I’ve met a number of people who work at General Motors but prefer to buy and drive a Hyundai or a Toyota. There are maître d’s who would never want to eat in the restaurants where they work. So why is it so weird to imagine a Research In Motion employee using an iPhone?
RIM is soon expected to announce a new version of Balance, the software that allows a BlackBerry to work in a sort of split personality mode. On one side you might be using a device for Facebook and personal banking. The other side would give access to business-related data and applications, which would still be controlled and protected by employers.
What’s sometimes forgotten is that RIM also offers BlackBerry Mobile Fusion, a tool that can help support iOS or Android devices. The idea is that, instead of forcing ugly or antiquated smartphones upon unsatisfied workers, companies can accommodate whatever people want as part of bring-your-own-device programs, or BYOD.
Why would RIM do this, you ask? For one thing, they’re not alone. VMware, among others, offers similar technology to enable more device choice. Plus, over the last few years, RIM’s biggest growth has been outside of North America, which is also where BYOD is happening the fastest.
According to a recent global survey by London-based Ovum, 75 per cent of respondents in the emerging, “high-growth” markets (including Brazil, Russia, India, UAE, and Malaysia) demonstrate a much higher propensity to use their own devices at work, compared to 44 per cent in more mature markets. Even if some people move to non-BlackBerry devices, by helping companies offer more flexibility to employees RIM has a good shot at retaining its reputation as the responsible choice for the enterprise.
If anything, RIM’s willingness to face the BYOD threat head-on may stem from within. Richard Absalom, Ovum’s senior analyst of consumer impact technology, notes that Cisco, SAP, IBM and others already offer their own employees the freedom to pick their own smartphone.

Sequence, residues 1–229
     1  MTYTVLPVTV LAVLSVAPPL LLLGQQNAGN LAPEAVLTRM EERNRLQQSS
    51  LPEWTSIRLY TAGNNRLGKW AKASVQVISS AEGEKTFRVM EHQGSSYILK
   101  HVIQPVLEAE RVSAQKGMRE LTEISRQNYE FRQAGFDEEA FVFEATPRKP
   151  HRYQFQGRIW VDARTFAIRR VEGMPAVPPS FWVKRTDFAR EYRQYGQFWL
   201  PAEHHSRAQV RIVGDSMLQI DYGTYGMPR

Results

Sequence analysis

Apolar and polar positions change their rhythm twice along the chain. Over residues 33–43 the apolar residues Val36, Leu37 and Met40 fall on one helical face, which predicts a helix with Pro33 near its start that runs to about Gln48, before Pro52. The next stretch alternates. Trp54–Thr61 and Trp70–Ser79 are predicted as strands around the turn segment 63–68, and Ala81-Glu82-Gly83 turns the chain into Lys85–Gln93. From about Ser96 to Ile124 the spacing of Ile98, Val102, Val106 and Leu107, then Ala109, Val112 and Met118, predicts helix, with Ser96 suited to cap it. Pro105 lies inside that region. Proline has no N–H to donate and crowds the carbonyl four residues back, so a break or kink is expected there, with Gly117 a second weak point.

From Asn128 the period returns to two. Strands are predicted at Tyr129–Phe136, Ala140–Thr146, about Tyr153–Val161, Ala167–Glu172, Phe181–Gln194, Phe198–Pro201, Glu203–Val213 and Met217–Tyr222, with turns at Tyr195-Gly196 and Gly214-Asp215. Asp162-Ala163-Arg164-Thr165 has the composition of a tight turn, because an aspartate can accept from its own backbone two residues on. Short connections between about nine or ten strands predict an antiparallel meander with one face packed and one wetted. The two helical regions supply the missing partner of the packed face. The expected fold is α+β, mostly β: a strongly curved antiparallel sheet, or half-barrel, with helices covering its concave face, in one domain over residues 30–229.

“High-tech companies are by their nature filled with tech-savvy employees who want to use the latest and greatest gadgets at all times,” he said. “This is to be expected, especially among such services companies that are either promoting certain devices or helping their own customers to deal with the challenges of BYOD – they want to be seen to be setting an example," says Absalom.
RIM’s strategy is in stark contrast to Apple, whose proprietary approach to hardware and software is beginning more and more to resemble a country club to which the firm thinks customers should feel grateful for being granted access. According to Krista Napier, senior mobility analyst at IDC Canada in Toronto, there’s no question companies here will have to start weighing their options around what constitutes a “work cell” this year.
“More Canadian companies will wake up the BYOD reality taking place,” she said, but they need to first look at how they manage the apps on those employee-purchased smartphones. “Businesses are planning to invest in managed mobility solutions in 2013 in a big way.”
Lots of companies pay lip service to the idea of putting their customers’ interests first, but it takes a lot of humility and courage to transcend your own brand and solve a real problem. As far as its BYOD strategy goes, no one can accuse RIM of phoning this one in.